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Extracell Vesicles Circ Nucleic Acids 2022;3:380-92. 10.20517/evcna.2022.34 © The Author(s) 2022.
Open Access Review

Emerging frontiers of cell-free DNA fragmentomics

1Centre for Novostics, Hong Kong Science Park, Pak Shek Kok, New Territories, Hong Kong, China.

2Li Ka Shing Institute of Health Sciences and Department of Chemical Pathology, The Chinese University of Hong Kong, Prince of Wales Hospital, Shatin, New Territories, Hong Kong, China.

3State Key Laboratory of Translational Oncology, The Chinese University of Hong Kong, Shatin, New Territories, Hong Kong, China.

Correspondence to: Prof. Peiyong Jiang, Centre for Novostics, Hong Kong Science Park, Pak Shek Kok, New Territories, Hong Kong, China. E-mail: jiangpeiyong@cuhk.edu.hk

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    Academic Editor: Yoke Peng Loh | Copy Editor: Ying Han | Production Editor: Ying Han

    © The Author(s) 2022. Open Access This article is licensed under a Creative Commons Attribution 4.0 International License (https://creativecommons.org/licenses/by/4.0/), which permits unrestricted use, sharing, adaptation, distribution and reproduction in any medium or format, for any purpose, even commercially, as long as you give appropriate credit to the original author(s) and the source, provide a link to the Creative Commons license, and indicate if changes were made.

    Abstract

    Analysis of cell-free DNA (cfDNA) in the blood has shown promise for monitoring a variety of biological processes. Plasma cfDNA is a mixture comprising DNA molecules released from various bodily tissues, mediated by characteristic DNA fragmentations occurring during cell death. Fragmentation of cfDNA is non-random and contains tissue-of-origin information, which has been demonstrated in circulating fetal, tumoral, and transplanted organ-derived cfDNA molecules. Many studies have elucidated a plurality of fragmentomic markers for noninvasive prenatal, cancer, and organ transplantation assessment, such as fragment sizes, fragment ends, end motifs, and nucleosome footprints. Recently, researchers have further revealed the large population of previously unidentified long cfDNA molecules (kilobases in size) in the plasma DNA pool. This review focuses on the emerging biological properties of cfDNA, together with a discussion on its potential clinical implications.

    INTRODUCTION

    Liquid biopsy supports numerous approaches that are important for noninvasive prenatal testing (NIPT)[1-3] and cancer detection[4-7]. The use of maternal plasma DNA has enabled the rapid global adoption of NIPT for fetal chromosomal abnormalities in clinical practice, profoundly reducing unnecessary invasive tests. Continuous efforts have been extended to noninvasive cancer detection, attempting to create a similar paradigm shift in oncology[8]. Many studies have focused on deciphering new biological properties of cell-free DNA (cfDNA) molecules, aiming to further improve the performance of NIPT[9] and achieve cfDNA-based cancer detection at the early stage of a tumor[6]. This review focuses on several key characteristics of cfDNA that have been recently unveiled, including the properties of short and long cfDNA molecules, fragment ends, nucleosome footprints, and topological shapes, together with discussions on its potential clinical implications.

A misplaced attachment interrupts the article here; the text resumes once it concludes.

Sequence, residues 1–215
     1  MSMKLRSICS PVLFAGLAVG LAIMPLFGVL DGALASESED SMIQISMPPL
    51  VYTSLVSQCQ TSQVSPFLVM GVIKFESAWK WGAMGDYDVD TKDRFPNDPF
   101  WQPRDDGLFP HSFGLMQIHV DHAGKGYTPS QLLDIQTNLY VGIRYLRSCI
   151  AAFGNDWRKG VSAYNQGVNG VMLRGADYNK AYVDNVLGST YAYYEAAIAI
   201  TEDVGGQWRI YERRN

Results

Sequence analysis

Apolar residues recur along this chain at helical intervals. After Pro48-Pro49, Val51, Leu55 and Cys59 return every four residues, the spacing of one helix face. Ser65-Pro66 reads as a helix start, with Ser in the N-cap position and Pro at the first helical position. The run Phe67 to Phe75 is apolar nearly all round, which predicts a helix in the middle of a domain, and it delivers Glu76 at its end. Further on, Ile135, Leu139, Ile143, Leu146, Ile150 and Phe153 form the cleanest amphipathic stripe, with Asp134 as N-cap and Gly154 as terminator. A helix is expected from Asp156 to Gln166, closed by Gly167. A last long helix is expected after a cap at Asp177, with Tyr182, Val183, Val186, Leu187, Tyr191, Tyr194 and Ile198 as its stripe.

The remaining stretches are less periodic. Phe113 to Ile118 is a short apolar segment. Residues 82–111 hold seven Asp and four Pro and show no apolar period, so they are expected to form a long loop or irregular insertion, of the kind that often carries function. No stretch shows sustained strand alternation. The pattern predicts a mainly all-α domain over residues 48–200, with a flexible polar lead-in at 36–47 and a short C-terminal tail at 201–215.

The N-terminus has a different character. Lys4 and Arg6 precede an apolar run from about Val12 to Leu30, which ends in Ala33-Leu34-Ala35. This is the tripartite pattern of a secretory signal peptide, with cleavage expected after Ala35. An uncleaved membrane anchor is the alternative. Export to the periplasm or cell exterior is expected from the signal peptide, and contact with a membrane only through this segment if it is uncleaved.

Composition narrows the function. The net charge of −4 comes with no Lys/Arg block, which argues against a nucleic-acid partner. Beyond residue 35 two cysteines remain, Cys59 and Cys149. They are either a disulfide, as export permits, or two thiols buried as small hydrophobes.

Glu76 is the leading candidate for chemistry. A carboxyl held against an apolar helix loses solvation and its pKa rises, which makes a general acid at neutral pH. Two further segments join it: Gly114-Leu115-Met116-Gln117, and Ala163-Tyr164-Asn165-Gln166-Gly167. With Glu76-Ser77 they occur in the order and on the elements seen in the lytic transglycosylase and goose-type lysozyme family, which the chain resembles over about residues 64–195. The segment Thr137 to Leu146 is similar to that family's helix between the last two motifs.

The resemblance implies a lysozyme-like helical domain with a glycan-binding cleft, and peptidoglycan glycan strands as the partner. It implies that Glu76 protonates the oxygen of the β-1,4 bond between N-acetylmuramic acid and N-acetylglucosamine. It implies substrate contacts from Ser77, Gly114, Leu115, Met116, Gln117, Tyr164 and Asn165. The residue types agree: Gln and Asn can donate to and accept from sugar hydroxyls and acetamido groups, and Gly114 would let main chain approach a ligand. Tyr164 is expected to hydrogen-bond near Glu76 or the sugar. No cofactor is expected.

FRAGMENT SIZES

    Short cfDNA molecules

    Lo et al. deciphered the characteristic fragmentations of fetal and maternal DNA molecules in the maternal plasma DNA of a pregnant woman using massively parallel sequencing technology[10]. There was a major peak at 166 bp in the respective fetal and maternal size profiles, with a series of 10-bp oscillations in short size ranges[10], suggesting that the cfDNA molecules are possibly associated with nucleosomal structures. The size distribution of fetal cfDNA molecules displayed a secondary major peak at 143 bp, with enhanced amplitudes across the 10-bp oscillations. This observation suggests that the fetal cfDNA molecules are generally shorter than the maternal DNA molecules. Lo et al. speculated that the shortened size of the fetal DNA molecules might be in part attributed to the preferential trimming of approximately 20-bp linkers in the fetal genome as a result of less protection from histones[10]. Hence, cfDNA fragmentation is non-random and is associated with tissues of origin. Many studies could reproduce similar characteristic size profiles in plasma DNA of healthy control individuals[6] and patients with organ transplantations[11], different cancers[6,12], and autoimmune diseases[13]. The liver-derived and tumor-derived cfDNA molecules were reported to be generally shorter than background DNA molecules of hematopoietic origin in patients with liver transplantation[11] and various cancers[6,12,14,15], respectively.